Or as the then First Lord of the Admiralty, Lord Selbourne, noted circa 1901, that while the Americans, could at that point in time: "chose to pay for what they can easily afford, they can gradually build up a Navy, firstly as large and then larger than ours", the Americans singularly failed to do so 2. Something which did not change until World War II.
1. Charles Coutinho, "Harold James & the International Order after the Financial Crisis: A Comment". Diplomat of the Future. 2 August 2011, in
2. Lord Selbourne, quoted in: The Crisis of British Power: The Imperial and naval powers of the Second Earl of Selbourne, 1895-1910. Edited George Boyce. (1990). p. 115.

Wednesday, May 28, 2014


The New America Society, a liberal, bourgeois, bien-pensant, non-profit institution in the United States, whose only redeeming feature appears to be the presence of the great journalist and writer, Anatol Lieven, had a function to-day in mid-town Manhattan dealing with the current state of the nuclear negotiations between the Western Powers and Teheran. The chief 'draw' for this event was none other than Hossein Mousavian, a former, high-ranking Persian diplomat and negotiator. Mousavian, has recently co-written a book dealing with the past history and future prospects of the nuclear negotiations (Iran [sic] and the United States: an insider's view on the failed past and the road to Peace.), published by Princeton University Press. Among Mousavian's more salient and interesting comments at the event were the following:
'Frankly speaking the same [the interim agreement signed in November of last year] agreement could have been arrived at in 2004 / 2005'. And that it was the United States which vetoed said possible agreement. Resulting in as per Mousavian 'missing 8, 9, 10 years for nothing'. As per Mousavian there is both good and bad aspects to the agreement: the 'good' aspect is that Persia agrees to both the de facto and the de jure, uphold the provisions of the Nuclear Non-proliferation Treaty of 1968 (hereafter 'NPT' for short). The 'bad' aspect is that as per Mousavian, the 'World Powers' (as he terms them), are looking for Persian concessions beyond the provisions of NPT. In particular in the areas of the number of nuclear plants, enrichment capacity and access to Persian nuclear sites. As per Mousavian, the Persians are willing for the sake of a comprehensive and final agreement to agree to certain terms which go beyond NPT, for upwards of four years. Teheran, as per Mousavian, is completely unwilling to agree to such extraordinary terms for say ten to twenty years. As per Mousavian, the talks which recently adjourned after a truncated session in Wien, are not yet at an impasse. However, what is needed for success in the talks is: a) bilateral sessions `a la what occurred last year to produce the interim agreement; b) that the American Administration need to ignore both the pressures of domestic political groups and those coming from the Israeli government. According to Mousavian, it was these negative variables, which prevented the Americans from agreeing to previous Persian attempts at a modus vivendi back in 1988-1989 and 2001-2002. Mousavian does say that both countries need and do not presently have a 'comprehensive strategy' to resolve successfully both the nuclear issue and the question of normalizing bi-lateral relations. In the realm of Saudi-Persian relations, he claims that relations can also be normalized. As per Mousavian, the key problem in so preventing the same is that Saudi Arabia is 'too occupied by the Syrian issue', to come to terms with Teheran. Similarly, on the issue of Persian-Israeli relations, Mousavian, is reasonably optimistic: neither country is an 'existential threat' to the other. What Tel Aviv needs to do is drop the idea that it can employ or indeed has a veto over both the course of the nuclear negotiations and over Persian-American relations. That the Israelis need to remember that they can easily be negatively impacted (from the Lebanon one presumes, but Mousavian did not care to elaborate upon), by the fallout of armed conflict over the nuclear issue. And similarly, that a resolution of the issue would have a very positive impact on Israel's regional profile. Finally, Mousavian warned that for the Americans to introduce the question of Persian missile capacity is a non-starter and would indeed effectively derail the negotiations. That Persian missile capacity and range can only be resolved on a 'regional basis'. And no other.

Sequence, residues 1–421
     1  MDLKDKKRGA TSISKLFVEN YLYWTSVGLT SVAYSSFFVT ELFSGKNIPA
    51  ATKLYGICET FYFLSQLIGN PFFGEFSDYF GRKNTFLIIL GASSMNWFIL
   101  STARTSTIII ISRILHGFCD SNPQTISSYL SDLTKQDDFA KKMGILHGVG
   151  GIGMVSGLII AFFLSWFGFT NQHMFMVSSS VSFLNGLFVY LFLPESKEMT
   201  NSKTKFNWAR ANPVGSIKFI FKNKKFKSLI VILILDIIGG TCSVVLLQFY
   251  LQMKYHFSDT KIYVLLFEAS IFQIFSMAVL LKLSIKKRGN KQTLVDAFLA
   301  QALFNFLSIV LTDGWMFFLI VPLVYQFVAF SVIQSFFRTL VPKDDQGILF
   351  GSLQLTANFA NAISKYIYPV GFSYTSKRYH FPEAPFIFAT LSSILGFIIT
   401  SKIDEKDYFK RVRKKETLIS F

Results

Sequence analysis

What is one to make of Mousavian's comments? Besides the special pleadings for the views and indeed policies of the current regime in Teheran, it appears to be the case that Mousavian is laying out the maximum goals that Persia can live with. And conversely that in fact, Teheran will, if push comes to shove, agree to the desiderata of the Western Powers as outlined. Including one is tempted to believe some type of language dealing with Persia's missile programme. And while I for one am not enamoured of the concept of employing force to resolve the conundrum of Persia's nuclear programme, putting even more pressure on the regime of Mullahs will assist in obtaining the very best settlement. In that mix, the possible employment of force, at least as a 'threat perception' for Teheran may be necessary. As the former American Defence Department official, Matthew Kroenig recently argued in the London periodical the Spectator, force, the ultima ratio will be employed, even by the current American administration: